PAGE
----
Your ads are absofreakinlutely everywhere, forever

The more times someone sees your ad, the more likely they’ll remember you, right? That might be the case, but they’ll probably be remembering that they’d like to strangle you. A study performed by Skin Media and RAPP Media aimed to find out how this repetitiveness affects consumers. In the study, they found that people think that seeing a retargeted ad five or more times is “annoying,” while seeing it ten or more times makes them “angry”. Not the experience you’re looking for. More than half of the visitors polled said that they may be interested in the ad the first time they see it, even though only 10% report making a purchase as a result of seeing a remarketed ad. Think carefully when you are setting your frequency caps and make sure you are not inundating (and annoying the hell out of) your customers with ads.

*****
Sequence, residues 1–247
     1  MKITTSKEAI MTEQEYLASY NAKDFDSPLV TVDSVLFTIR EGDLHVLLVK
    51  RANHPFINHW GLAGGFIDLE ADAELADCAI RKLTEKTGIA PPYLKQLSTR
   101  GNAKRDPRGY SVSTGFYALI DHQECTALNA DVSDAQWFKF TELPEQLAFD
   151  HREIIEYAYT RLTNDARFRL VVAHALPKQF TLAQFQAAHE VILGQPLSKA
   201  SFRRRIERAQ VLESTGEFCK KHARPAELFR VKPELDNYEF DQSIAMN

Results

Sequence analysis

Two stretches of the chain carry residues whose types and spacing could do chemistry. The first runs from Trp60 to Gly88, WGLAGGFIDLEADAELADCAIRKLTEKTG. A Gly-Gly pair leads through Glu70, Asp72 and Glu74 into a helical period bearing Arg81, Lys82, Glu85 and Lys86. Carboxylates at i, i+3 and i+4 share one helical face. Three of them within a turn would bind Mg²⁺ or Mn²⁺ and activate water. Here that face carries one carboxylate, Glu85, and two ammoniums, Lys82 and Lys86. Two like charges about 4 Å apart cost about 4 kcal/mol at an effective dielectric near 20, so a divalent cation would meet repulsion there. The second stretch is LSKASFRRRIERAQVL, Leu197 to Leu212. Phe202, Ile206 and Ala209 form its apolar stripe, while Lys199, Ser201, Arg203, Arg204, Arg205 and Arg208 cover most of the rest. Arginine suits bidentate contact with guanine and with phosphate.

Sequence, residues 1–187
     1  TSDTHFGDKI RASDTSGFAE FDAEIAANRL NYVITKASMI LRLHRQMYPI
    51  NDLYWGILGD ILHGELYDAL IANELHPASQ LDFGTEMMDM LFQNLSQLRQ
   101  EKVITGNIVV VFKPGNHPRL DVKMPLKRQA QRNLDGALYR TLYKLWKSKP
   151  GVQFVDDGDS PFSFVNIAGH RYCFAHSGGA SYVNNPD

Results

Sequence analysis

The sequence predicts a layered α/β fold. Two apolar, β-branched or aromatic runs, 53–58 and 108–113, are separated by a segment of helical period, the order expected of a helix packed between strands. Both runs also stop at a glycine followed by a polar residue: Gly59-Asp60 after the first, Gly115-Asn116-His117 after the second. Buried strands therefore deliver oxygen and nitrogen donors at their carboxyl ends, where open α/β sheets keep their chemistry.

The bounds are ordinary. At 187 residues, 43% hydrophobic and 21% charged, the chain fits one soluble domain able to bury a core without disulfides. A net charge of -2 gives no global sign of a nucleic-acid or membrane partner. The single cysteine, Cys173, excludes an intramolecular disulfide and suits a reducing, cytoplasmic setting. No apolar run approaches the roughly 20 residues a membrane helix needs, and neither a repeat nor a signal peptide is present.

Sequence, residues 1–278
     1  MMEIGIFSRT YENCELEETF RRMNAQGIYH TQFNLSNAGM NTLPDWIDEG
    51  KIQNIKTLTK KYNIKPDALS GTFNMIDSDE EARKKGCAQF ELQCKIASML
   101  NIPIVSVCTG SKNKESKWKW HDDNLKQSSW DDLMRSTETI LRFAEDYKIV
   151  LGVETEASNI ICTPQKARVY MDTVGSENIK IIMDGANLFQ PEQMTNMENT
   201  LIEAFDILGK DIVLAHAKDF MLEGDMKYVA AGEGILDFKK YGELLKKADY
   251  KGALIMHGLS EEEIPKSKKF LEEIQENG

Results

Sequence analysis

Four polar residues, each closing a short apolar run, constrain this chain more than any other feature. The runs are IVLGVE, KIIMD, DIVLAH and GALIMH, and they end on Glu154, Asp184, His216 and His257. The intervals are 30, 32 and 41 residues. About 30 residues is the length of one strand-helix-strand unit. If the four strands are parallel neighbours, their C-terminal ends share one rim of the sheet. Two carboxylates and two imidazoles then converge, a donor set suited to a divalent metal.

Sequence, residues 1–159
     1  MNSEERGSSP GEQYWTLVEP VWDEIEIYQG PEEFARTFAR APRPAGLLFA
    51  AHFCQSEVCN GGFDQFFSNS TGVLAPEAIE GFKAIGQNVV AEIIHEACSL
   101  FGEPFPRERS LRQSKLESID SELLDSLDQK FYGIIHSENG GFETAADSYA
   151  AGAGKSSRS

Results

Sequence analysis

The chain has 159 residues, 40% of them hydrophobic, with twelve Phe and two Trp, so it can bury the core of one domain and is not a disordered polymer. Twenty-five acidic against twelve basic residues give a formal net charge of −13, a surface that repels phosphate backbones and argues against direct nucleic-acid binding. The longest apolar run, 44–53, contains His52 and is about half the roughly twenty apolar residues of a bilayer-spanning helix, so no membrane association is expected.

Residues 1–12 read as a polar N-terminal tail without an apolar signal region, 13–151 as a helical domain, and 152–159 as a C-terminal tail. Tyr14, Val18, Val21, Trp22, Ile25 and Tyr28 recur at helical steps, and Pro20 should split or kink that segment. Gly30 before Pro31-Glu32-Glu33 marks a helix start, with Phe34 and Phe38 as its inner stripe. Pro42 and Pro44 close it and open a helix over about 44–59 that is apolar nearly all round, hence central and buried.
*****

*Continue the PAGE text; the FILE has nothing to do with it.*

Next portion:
Getting retargeted for stuff you already bought

Step 1: Buy a new power drill. Step 2: See millions of retargeting ads for the same darned drill. Step 3: Scream at your computer “GAWD, fix your suppression, dummies!” The average consumer may also find this rather inept, but more likely, they’re going to be turned off by it. Proper post-conversion ad suppression makes your marketing much more efficient and saves your customers from the agony of being reminded of their purchase for six weeks, or worse, seeing an ad with a lower price than they paid and making them feel conned. 

How call tracking data can make the remarketing experience better

Particularly in the post-cookies age we live in, where the use of third-party cookies for remarketing is being smashed by new regulations and browser-level cookie-blocking, using every source of first-party data you have at hand for remarketing is critical. If your business gets a lot of sales inquiries from inbound phone calls, your remarketing picture gets even muddier. A potential customer may have navigated to your website and clicked on a page or product before calling you and either asking a question or ultimately making a purchase. Either way, you are left with a data gap that leaves you open for making bad remarketing decisions that will annoy your customers and waste your marketing budget.